Justice Department Releases New Tools to Help Law Enforcement Find Missing Persons with Alzheimer's Disease

WASHINGTON, July 8, 2013 /PRNewswire-USNewswire/ -- The Department of Justice's Bureau of Justice Assistance (BJA) today released a series of training videos to help law enforcement find and aid missing persons with Alzheimer's disease or other forms of dementia. Created in partnership with the International Association of Chiefs of Police (IACP), the Alzheimer's Association and MedicAlert®, the four short videos can be downloaded from the IACP website at no cost and be easily disseminated to patrol officers.

Today's announcement also introduces a web-based connection between the MedicAlert and the Alzheimer's Association Safe Return® networks and BJA's Regional Information Sharing Systems (RISS) network.  The RISS MedicAlert® Access gives law enforcement access to shared information to enhance their search capabilities for people with Alzheimer's disease who are missing or lost.

"If an individual with Alzheimer's disease or dementia wanders and becomes lost and is registered with the MedicAlert® +Alzheimer's Association Safe Return® program, law enforcement can now easily access information to help reunite the person with loved ones," said BJA's Director Denise E. O'Donnell. "BJA is proud to be able to support local law enforcement's efforts to protect this very vulnerable segment of our communities."

The training videos depict three different scenarios public safety officials and law enforcement officers could face when people with dementia have wandered.  The videos, based on real-life situations, demonstrate best practices in searching for and dealing with these persons and their caregivers.  A fourth video provides guidelines for protocols and policies to help law enforcement agencies prepare for such incidents.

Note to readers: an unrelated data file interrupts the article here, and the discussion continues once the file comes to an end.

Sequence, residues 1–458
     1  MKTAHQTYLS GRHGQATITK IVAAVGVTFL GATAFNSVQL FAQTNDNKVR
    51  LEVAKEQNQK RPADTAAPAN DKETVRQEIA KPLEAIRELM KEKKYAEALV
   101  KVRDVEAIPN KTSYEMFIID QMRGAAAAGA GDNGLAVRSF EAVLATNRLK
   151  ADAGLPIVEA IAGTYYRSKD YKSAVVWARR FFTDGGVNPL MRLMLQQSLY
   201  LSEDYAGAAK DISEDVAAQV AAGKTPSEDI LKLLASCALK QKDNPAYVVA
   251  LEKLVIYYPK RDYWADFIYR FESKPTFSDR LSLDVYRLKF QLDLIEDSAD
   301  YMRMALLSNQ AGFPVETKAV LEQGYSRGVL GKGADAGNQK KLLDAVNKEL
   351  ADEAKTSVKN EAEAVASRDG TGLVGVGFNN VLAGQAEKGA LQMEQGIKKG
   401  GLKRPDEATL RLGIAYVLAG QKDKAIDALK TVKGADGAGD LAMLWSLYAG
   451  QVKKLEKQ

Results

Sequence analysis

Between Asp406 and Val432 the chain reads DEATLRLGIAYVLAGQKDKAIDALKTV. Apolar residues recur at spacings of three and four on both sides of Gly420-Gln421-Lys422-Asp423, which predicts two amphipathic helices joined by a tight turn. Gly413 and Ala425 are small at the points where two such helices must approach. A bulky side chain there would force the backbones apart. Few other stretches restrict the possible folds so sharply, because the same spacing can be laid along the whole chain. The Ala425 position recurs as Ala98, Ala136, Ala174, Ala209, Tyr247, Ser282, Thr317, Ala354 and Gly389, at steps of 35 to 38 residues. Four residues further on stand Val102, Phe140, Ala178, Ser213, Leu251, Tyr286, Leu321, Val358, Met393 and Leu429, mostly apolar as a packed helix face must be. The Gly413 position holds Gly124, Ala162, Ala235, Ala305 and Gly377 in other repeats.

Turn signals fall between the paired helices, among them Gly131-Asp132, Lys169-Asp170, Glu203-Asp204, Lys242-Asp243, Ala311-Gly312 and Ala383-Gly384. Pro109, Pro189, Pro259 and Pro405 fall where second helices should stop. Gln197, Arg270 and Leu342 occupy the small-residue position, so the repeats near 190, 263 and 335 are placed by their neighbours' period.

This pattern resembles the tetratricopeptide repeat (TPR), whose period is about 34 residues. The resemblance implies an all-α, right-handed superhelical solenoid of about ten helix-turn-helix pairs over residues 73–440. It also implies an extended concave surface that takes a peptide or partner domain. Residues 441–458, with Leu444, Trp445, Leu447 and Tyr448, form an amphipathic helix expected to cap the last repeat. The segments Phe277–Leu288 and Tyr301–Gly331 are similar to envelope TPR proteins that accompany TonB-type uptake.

According to latest data from the National Institute on Aging, as many as 5.4 million Americans of all ages are living with Alzheimer's disease or some other form of dementia.  Of that number, as many as 60 percent -- 3.1 million people -- are at risk of wandering, and 50 percent of those who wander have the potential to become lost.

"These training videos respond to a critical and growing issue being faced by the law enforcement field. Alzheimer's disease is often an overlooked issue, and does not get the same attention that other issues we face do. More frequently, law enforcement officers are finding themselves responding to reports of missing persons with this terrible disease. This video sets forth best practices and tips that can be critical in helping officers respond efficiently and effectively to those affected by Alzheimer's disease," said IACP President Craig Steckler.

The Alzheimer's training video series may be downloaded here: www.theiacp.org/alztrainingvideo.

The Office of Justice Programs (OJP), headed by Assistant Attorney General Karol V. Mason, provides federal leadership in developing the nation's capacity to prevent and control crime, administer justice, and assist victims. OJP has six components: the Bureau of Justice Assistance; the Bureau of Justice Statistics; the National Institute of Justice; the Office of Juvenile Justice and Delinquency Prevention; the Office for Victims of Crime; and the Office of Sex Offender Sentencing, Monitoring, Apprehending, Registering, and Tracking. For more information about OJP, please visit: www.ojp.gov.   

SOURCE Department of Justice, Office of Justice Programs



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